The city of Gainesville may soon fully own and occupy the building known for more than three decades as the Joint Administration Building.
Gainesville and Hall County officials are hammering out an agreement to swap buildings. The city would own and fill the downtown building at 300 Henry Ward Way, while giving the county land on Prior Street to expand its Health Department, City Manager Kip Padgett said. The building is currently jointly owned, with the city owning a higher percentage.
“It’s kind of a win-win for both of us,” Padgett said.
The city would move its offices from the Green Street Station building that currently houses Gainesville’s community development department. The city then would look to lease that building.
“What it will help us do is take Planning, Human Resources and Payroll that are across the street from us and bring them into the same building we are so we can all be together for a kind of one-stop shop,” Padgett said.
The county owns a building on Prior Street that sits on city-owned land. The health department right now operates in two buildings on Athens Street and Thompson Bridge Road in Gainesville. The offices on Thompson Bridge Road are for serving children with special needs.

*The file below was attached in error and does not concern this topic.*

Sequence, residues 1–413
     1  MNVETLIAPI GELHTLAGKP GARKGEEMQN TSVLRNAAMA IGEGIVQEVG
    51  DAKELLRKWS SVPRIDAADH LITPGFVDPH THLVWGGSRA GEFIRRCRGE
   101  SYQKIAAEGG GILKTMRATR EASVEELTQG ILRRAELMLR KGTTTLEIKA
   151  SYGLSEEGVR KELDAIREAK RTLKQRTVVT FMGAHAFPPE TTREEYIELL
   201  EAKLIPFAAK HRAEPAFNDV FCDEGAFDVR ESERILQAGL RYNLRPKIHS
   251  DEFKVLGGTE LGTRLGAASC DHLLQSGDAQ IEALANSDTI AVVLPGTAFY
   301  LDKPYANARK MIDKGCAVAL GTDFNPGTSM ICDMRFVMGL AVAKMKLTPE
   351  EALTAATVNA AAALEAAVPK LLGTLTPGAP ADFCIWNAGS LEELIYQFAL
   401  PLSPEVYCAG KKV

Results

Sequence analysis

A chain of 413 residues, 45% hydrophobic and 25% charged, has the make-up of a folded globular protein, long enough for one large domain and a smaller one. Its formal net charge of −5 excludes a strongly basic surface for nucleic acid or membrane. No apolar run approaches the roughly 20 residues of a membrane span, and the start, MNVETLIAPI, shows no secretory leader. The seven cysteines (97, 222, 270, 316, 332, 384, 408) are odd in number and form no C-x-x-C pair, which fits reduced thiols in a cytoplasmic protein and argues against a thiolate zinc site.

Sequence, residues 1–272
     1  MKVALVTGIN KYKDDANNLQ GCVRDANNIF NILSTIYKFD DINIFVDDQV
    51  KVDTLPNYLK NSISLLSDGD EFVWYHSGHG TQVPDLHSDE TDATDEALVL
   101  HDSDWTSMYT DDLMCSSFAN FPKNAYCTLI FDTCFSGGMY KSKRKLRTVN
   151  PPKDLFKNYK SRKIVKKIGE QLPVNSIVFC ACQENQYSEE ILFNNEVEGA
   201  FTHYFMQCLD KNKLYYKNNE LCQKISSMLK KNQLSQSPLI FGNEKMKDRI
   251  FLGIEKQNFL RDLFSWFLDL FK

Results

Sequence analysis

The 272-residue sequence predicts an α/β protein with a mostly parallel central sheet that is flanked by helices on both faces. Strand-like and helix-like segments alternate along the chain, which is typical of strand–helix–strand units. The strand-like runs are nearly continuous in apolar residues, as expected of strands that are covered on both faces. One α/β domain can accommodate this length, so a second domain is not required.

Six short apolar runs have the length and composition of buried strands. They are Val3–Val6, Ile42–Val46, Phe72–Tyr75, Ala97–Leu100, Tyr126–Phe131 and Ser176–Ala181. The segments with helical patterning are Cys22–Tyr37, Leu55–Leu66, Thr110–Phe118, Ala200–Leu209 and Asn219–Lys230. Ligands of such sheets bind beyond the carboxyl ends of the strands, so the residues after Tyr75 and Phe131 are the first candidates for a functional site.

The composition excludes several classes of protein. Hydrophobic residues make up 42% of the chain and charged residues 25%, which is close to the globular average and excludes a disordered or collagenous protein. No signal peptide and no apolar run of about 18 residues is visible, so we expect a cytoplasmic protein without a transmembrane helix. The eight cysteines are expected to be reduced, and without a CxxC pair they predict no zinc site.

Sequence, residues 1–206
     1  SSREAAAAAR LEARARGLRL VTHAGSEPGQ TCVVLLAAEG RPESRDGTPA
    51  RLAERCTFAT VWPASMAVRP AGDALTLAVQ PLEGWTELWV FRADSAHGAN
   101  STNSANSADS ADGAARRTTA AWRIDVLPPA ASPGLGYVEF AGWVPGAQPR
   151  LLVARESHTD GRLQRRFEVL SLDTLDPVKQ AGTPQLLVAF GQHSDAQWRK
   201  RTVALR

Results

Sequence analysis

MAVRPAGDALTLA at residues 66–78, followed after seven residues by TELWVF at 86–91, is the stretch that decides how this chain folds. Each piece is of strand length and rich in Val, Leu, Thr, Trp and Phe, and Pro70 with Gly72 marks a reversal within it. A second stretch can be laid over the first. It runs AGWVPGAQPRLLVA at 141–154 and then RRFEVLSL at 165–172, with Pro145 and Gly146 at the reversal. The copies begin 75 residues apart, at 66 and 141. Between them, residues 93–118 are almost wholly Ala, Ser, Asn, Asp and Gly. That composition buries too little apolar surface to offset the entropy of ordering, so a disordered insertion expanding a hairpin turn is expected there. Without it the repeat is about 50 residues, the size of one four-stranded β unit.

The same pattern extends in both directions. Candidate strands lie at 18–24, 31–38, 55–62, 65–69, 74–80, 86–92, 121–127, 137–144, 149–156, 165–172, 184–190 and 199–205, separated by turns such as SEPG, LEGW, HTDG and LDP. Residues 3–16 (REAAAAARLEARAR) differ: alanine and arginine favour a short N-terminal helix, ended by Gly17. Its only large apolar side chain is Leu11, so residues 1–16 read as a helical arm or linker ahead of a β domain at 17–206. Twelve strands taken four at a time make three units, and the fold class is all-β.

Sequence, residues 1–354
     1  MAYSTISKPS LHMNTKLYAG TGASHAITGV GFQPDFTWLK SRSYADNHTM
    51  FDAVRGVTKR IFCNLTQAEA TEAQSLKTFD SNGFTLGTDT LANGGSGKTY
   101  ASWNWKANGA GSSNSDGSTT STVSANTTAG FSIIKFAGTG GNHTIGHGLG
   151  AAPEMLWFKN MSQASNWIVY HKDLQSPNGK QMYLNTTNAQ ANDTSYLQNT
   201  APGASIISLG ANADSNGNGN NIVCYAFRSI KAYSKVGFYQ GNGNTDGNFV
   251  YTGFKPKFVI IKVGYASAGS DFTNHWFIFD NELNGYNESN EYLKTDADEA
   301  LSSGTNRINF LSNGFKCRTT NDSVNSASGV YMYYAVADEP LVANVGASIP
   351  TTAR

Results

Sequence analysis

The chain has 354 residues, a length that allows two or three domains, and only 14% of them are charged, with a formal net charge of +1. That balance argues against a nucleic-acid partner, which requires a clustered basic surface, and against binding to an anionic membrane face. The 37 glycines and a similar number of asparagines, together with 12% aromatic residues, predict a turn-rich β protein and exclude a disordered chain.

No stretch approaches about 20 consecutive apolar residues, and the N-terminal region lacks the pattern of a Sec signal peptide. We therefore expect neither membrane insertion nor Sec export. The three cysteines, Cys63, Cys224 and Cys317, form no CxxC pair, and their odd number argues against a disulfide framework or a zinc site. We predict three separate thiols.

When county officials purchased what would become their new headquarters in 2010, then-Assistant County Administrator Phil Sutton mentioned plans to move offices of the state health department to the Prior Street building, the Times reported last year.
“We’re still in negotiations with the city of Gainesville on the property at the Joint Administration Building and as soon as all parties are apprised as to that contract, the agreement, then we’ll proceed forward, probably in the next two to three weeks,” Assistant County Administrator Marty Nix said.
Hall County moved out of the Joint Administration Building last year after establishing its headquarters in a building at the corner of Browns Bridge and McEver roads. Hall had housed its engineering department there, along with the offices of the tax commissioner and tax commissioner. They divided the space equally and the annual costs for operations and maintenance were split based on each government’s use of the building. That agreement was scheduled to last until 2017 or until the governments mutually terminated it.
The county bought the Hall County Government Center from Liberty Mutual for $6.1 million and spent about $2.9 million in renovations.